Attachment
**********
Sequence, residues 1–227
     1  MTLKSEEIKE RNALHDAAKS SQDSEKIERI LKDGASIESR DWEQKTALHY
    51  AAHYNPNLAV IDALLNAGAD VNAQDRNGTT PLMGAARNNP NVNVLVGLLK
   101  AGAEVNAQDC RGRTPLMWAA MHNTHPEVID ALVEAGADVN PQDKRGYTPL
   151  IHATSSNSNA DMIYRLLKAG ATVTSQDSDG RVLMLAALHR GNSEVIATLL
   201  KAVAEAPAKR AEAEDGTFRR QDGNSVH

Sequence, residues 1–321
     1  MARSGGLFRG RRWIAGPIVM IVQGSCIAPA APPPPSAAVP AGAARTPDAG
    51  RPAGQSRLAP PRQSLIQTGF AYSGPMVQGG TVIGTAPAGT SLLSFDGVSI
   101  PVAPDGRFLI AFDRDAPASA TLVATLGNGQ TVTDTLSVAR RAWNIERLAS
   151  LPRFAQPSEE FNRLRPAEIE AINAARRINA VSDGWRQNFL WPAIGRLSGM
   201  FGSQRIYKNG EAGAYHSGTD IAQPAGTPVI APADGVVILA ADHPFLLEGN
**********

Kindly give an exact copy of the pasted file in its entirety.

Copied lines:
Sequence, residues 1–227
     1  MTLKSEEIKE RNALHDAAKS SQDSEKIERI LKDGASIESR DWEQKTALHY
    51  AAHYNPNLAV IDALLNAGAD VNAQDRNGTT PLMGAARNNP NVNVLVGLLK
   101  AGAEVNAQDC RGRTPLMWAA MHNTHPEVID ALVEAGADVN PQDKRGYTPL
   151  IHATSSNSNA DMIYRLLKAG ATVTSQDSDG RVLMLAALHR GNSEVIATLL
   201  KAVAEAPAKR AEAEDGTFRR QDGNSVH

Sequence, residues 1–321
     1  MARSGGLFRG RRWIAGPIVM IVQGSCIAPA APPPPSAAVP AGAARTPDAG
    51  RPAGQSRLAP PRQSLIQTGF AYSGPMVQGG TVIGTAPAGT SLLSFDGVSI
   101  PVAPDGRFLI AFDRDAPASA TLVATLGNGQ TVTDTLSVAR RAWNIERLAS
   151  LPRFAQPSEE FNRLRPAEIE AINAARRINA VSDGWRQNFL WPAIGRLSGM
   201  FGSQRIYKNG EAGAYHSGTD IAQPAGTPVI APADGVVILA ADHPFLLEGN